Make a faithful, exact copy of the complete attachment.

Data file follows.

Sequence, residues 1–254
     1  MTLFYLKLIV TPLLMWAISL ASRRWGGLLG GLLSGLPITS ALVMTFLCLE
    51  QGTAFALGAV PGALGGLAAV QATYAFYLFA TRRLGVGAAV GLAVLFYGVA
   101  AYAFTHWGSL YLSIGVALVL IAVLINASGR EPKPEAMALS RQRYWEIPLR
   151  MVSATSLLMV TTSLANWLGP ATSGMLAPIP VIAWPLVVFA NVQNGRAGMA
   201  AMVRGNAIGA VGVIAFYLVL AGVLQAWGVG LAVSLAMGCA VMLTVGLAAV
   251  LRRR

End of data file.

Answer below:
Sequence, residues 1–254
     1  MTLFYLKLIV TPLLMWAISL ASRRWGGLLG GLLSGLPITS ALVMTFLCLE
    51  QGTAFALGAV PGALGGLAAV QATYAFYLFA TRRLGVGAAV GLAVLFYGVA
   101  AYAFTHWGSL YLSIGVALVL IAVLINASGR EPKPEAMALS RQRYWEIPLR
   151  MVSATSLLMV TTSLANWLGP ATSGMLAPIP VIAWPLVVFA NVQNGRAGMA
   201  AMVRGNAIGA VGVIAFYLVL AGVLQAWGVG LAVSLAMGCA VMLTVGLAAV
   251  LRRR